Gretsch Serial Number Dating Guide

KCDrumDad

Very well Known Member
Joined
Dec 8, 2006
Messages
1,451
Reaction score
204
Location
Kansas City
I wanted to provide a progress update on the Gretsch Serial Number Dating Guide and make one more push for information from owners of vintage Gretsch drums.

Back in 2006, member gsw started a thread on DFO in which he kept a log of serial numbers for Gretsch drums. I joined in the effort later that year. The goal was to determine if a serial number based dating guide could be created for vintage Gretsch drums. After all, serial number dating guides had been developed for Ludwig, Slingerland and Rogers, so why not Gretsch?

Although the original thread no longer exists, the serial number log has flourished. It has grown to include entries for over 3,900 drums. Drumforum members have been very supportive and many have provided information on their drums. I would like to thank everyone who has contributed so far. I always welcome more reports on vintage Gretsch drums with serial number labels. So if you have a Gretsch drum with a Round, Stop Sign or early Square badge and that drum has a serial number label inside it, please post information about it here or contact me (PM through DFO or email to Rick@GretschDrumDatingGuide.com).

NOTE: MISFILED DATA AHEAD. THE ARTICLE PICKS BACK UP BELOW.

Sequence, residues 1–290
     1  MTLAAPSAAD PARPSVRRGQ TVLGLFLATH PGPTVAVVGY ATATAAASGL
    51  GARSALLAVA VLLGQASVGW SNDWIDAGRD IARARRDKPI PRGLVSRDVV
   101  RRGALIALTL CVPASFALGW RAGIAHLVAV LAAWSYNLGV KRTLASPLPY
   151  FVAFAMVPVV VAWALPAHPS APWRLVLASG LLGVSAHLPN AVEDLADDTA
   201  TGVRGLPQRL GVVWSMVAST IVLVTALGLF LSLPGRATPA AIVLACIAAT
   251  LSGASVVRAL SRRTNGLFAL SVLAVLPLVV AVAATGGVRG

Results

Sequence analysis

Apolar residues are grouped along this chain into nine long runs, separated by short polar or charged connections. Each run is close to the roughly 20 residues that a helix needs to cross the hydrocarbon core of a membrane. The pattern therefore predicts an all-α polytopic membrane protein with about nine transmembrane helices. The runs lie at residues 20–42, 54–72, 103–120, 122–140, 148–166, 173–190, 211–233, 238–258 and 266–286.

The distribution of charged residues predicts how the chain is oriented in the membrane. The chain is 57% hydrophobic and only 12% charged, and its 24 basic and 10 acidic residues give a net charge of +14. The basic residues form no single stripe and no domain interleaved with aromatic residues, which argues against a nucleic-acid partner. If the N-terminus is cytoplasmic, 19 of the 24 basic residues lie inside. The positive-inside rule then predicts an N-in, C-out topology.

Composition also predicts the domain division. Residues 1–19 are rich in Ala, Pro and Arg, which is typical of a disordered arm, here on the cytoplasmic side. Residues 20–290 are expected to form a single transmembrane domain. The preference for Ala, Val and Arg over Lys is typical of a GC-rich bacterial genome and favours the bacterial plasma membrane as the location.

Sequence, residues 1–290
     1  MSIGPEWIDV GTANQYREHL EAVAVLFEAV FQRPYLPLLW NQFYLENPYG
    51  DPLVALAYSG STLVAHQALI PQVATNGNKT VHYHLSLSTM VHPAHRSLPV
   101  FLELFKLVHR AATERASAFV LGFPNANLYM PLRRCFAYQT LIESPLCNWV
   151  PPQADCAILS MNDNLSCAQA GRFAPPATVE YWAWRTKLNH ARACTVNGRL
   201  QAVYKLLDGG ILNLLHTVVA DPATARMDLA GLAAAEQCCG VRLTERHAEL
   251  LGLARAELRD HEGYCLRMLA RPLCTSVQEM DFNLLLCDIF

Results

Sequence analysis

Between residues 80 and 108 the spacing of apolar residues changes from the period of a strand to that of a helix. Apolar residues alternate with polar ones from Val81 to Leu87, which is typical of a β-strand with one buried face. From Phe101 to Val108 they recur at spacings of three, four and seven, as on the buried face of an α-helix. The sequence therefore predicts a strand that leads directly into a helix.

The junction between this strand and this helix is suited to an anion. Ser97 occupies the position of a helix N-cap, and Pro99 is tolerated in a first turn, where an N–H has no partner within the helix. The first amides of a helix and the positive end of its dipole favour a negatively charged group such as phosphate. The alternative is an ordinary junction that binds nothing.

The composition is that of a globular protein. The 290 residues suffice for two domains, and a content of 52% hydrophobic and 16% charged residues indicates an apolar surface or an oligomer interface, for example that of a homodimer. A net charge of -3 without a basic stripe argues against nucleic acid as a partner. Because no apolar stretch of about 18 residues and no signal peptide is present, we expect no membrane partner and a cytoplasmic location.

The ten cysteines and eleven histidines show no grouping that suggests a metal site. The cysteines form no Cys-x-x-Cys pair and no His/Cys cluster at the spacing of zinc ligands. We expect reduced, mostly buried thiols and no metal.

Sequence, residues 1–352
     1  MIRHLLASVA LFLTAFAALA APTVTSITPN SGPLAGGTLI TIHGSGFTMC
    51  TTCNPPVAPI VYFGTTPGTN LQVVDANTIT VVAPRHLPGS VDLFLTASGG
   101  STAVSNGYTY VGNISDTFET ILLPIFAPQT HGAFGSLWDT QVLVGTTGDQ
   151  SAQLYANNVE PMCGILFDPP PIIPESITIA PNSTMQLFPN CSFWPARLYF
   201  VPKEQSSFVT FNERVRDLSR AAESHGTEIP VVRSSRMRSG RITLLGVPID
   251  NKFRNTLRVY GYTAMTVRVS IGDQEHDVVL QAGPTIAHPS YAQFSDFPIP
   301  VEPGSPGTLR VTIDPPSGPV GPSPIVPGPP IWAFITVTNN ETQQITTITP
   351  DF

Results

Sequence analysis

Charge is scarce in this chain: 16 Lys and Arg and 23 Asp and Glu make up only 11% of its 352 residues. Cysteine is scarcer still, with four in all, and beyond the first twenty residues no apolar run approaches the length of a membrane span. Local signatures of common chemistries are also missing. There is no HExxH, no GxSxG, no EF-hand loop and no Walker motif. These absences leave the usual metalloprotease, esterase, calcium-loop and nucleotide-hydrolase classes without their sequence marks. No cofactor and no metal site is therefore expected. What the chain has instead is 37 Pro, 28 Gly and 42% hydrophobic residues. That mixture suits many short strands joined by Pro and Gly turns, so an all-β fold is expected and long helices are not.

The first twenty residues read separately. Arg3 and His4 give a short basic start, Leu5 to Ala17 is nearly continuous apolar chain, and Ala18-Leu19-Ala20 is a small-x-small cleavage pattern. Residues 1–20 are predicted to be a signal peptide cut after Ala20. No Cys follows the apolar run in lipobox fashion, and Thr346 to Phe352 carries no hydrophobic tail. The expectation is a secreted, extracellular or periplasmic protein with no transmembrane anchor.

Many pieces of information are included on each drum. The particular items I record are:
1. Serial number,
2. Model number,
3. Dimensions,
4. Badge style,
5. Label style (Orange/White – with and without guarantee language, Grey/White),
6. Whether the model number is stamped or handwritten on the label,
7. The color of ink used for the model number,
8. The type of screw used to mount the lug casing to the shell (round head or hex head),
9. The set configuration, if part of a set,
10. The type of throwoff if a snare,